Monday, 28 January 2008

Britannia ... or Boudica ?

A bit of consternation in Little Britain that Britannia is to be removed from the 50p coin.

Apparently it's 'political correctness gone mad again' and an attack on British values.
Tory historian, Churchill hagiographer and British Empire cheerleader Andrew Roberts has lent some intellectual gravitas to the cause.

But why the fuss ?

Britannia was the invention of a repressive superpower who gave the name to these islands when we were a far flung colony, and created a quasi-goddesss as its personification. (I’m talking of course about the Romans not the Americans, they are far less colourful and prefer to call us simply ‘Yuurp’).

She then fell into disuse for a long time until it was politically expedient in the seventeenth century to find something to tie together the new and far from united kingdoms of England and Scotland. So one of Charles II’s mistresses posed for the design that was used on the farthing coin. Ironically once things had gone full circle for Britain, from Roman colony to world superpower, ‘Rule Britannia’ became the theme tune for our own brand of imperialism.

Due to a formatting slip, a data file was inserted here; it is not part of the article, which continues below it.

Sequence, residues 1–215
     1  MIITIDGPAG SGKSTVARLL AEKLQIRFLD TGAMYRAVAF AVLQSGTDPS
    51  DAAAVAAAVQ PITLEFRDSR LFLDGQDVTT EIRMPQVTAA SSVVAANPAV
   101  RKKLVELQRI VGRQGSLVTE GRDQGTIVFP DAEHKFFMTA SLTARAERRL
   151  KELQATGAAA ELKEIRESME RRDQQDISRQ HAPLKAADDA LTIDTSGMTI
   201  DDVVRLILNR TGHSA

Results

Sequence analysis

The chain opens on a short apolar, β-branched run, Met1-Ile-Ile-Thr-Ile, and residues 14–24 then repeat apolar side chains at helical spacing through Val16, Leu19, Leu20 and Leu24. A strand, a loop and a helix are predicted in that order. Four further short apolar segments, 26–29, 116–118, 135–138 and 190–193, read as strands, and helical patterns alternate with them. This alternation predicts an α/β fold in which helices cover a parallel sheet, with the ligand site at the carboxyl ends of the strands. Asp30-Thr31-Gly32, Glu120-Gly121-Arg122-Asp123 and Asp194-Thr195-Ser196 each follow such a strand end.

Over the years she may have become confused in the national psyche with Boudica, a confusion that the Romans would have found highly ironic. But in Boudica there really is a genuine national icon worthy of commemoration.

A female war leader who took ferocious revenge against injustice and came close to driving out a tyrannical empire. A proto-femminist with wild red hair and probably tattoos as well. I suspect that Andrew Roberts and company would not have approved of her at all.

1 comment:

Anonymous said...

Isn't it funny how all these things Daily Mail readers tout as being part of our long and glorious traditions really are nothing of the sort. Starting with Christmas, a Victorian invention, brought over from Germany . . .